Thursday, March 11, 2021

The Brutal Telling - Louise Penny

Louise Penny’s 2009 novel The Brutal Telling is the fifth in her popular sixteen-book Inspector Gamache series. And precisely because I’ve already read what are currently the last seven books in the series, The Brutal Telling is the one that has most surprised me. Readers who are reading the Gamache series in the order in which it is being published will not experience that level of surprise. Nor will they have to reconsider their understanding of a major series character they probably thought they knew well. I don’t know if that’s a good thing or a bad thing. What I do know, is that The Brutal Telling is a different novel for readers who are reading the series the way I am than it is for readers who are reading the books in order. 


     “For Armand Gamache knew what not-nice was. He knew what cruelty, despair, horror were. And he knew what a forgotten, and precious, quality “nice” was.”


It is the end of summer, and the permanent residents in the little village of Three Pines are looking forward to the end of the tourist season. They are down to the final weekend of the season now, and a few of the families with school-aged children are already packing up to get an early start back to the city. And then it happens: a dead body is found inside the little bistro that is really the beating heart of Three Pines, the one owned and run by Gabri and Olivier. 


After Inspector Gamache and his team, all of them well-familiar with Three Pines and its core residents, are called in to investigate the victim’s murder, the first thing they learn is that no one seems to know who the dead man is. He is a stranger to all of them, and what he may have been doing inside the bistro after it was locked up for the night is as big a part of the mystery as who he is. So, Gamache - being Gamache - starts asking questions…lots of questions. And the answers he gets all seem to point the finger at one man. As potential suspects are eliminated one-by-one, only one suspect is left standing: Olivier. But could the beloved bistro owner, a personal friend of Gamache’s, really be capable of a crime like this one?


Bottom Line: The Brutal Telling is, as is every book in the Gamache series, a well-planned and well-executed mystery. The Three Pines setting is as much fun as ever, and the main characters are beginning to feel like old friends by this point in the series, but Penny still has some surprises for readers starting to feel too comfortable with it all. One of those surprises takes place on the book’s next-to-last page, and while it has nothing at all to do with the mystery and Olivier’s predicament, it packs quite the punch. The title of this one is prophetic.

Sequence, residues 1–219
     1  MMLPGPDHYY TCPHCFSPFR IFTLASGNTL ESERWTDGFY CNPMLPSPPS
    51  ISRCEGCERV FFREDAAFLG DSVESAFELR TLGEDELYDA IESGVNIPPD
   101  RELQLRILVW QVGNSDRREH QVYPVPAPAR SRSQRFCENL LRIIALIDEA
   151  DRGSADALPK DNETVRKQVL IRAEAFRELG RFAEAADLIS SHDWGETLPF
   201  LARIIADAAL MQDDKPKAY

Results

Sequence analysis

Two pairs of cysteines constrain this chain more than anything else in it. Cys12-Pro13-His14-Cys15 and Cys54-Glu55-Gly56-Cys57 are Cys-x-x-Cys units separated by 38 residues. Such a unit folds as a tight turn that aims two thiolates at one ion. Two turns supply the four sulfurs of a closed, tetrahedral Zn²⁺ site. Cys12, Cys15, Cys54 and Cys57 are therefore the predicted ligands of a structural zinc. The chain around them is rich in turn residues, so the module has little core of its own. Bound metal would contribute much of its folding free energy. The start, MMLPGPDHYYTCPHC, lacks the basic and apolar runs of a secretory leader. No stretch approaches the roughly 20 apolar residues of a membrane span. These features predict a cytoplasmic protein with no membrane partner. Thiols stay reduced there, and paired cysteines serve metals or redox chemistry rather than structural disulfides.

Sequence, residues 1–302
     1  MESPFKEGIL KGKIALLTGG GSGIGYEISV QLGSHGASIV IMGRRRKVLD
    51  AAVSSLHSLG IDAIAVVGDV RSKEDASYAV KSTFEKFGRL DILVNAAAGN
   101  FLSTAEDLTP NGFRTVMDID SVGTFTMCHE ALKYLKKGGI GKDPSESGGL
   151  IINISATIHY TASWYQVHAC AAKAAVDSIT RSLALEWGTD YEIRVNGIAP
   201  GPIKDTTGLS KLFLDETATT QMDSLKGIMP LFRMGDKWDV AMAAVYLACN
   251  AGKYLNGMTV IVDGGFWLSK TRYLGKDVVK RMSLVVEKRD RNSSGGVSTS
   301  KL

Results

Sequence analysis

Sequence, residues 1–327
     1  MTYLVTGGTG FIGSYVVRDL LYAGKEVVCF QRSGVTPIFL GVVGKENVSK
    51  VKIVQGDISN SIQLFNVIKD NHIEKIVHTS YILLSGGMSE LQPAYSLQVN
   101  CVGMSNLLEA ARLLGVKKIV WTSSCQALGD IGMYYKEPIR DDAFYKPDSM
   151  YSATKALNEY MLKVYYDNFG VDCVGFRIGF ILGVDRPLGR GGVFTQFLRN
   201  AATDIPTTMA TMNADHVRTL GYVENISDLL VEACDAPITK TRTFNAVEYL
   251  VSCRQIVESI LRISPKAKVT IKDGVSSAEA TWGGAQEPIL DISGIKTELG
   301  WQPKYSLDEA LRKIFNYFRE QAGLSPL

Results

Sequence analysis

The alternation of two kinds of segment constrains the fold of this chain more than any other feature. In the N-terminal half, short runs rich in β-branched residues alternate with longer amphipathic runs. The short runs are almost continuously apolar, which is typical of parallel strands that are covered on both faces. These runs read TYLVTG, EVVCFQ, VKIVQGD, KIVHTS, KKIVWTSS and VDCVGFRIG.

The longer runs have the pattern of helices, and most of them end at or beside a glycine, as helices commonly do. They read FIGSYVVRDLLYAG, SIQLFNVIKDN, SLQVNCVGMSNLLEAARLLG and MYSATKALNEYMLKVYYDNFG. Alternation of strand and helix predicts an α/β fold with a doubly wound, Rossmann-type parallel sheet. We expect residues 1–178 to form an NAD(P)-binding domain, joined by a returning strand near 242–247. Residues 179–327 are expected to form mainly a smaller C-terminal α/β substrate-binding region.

Louise Penny (Book Jacket Photo)


8 comments:

  1. Sam, this is one author that I've read out of sequence and, one of my goals this year might be playing catch-up. I did make a list of the ones I still need to read and this is one of them. I do like the sound of it.

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    1. Diane, this one really caught me by surprise as it reshaped my concept of Olivier - and one other character I can't reveal. I have two more to go from the middle books before I'm completely caught up, but that might well happen before the end of the year.

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  2. I am definitely going to read the first book in this series this year! (And probably all the other books in this series after that.) :D

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    1. You are in for a treat, Lark...I don't know anyone who dislikes this series.

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  3. I did read them in sequence and was still shocked! And continued to be shocked as I read the next four books as well. The end of The Beautiful Mystery really knocked me for six for instance.

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    1. This one was really something, Cath. I kept expecting it to end differently...and it never happened. Still am amazed.

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  4. Yep! I titled my review of this book "The Brutal Telling is, well, Brutal." Penny is a master. I love her!

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    1. Pretty accurate title, for sure, Susan. Even what happened on the next-to-last page caught be off-guard...and that was brutal, too.

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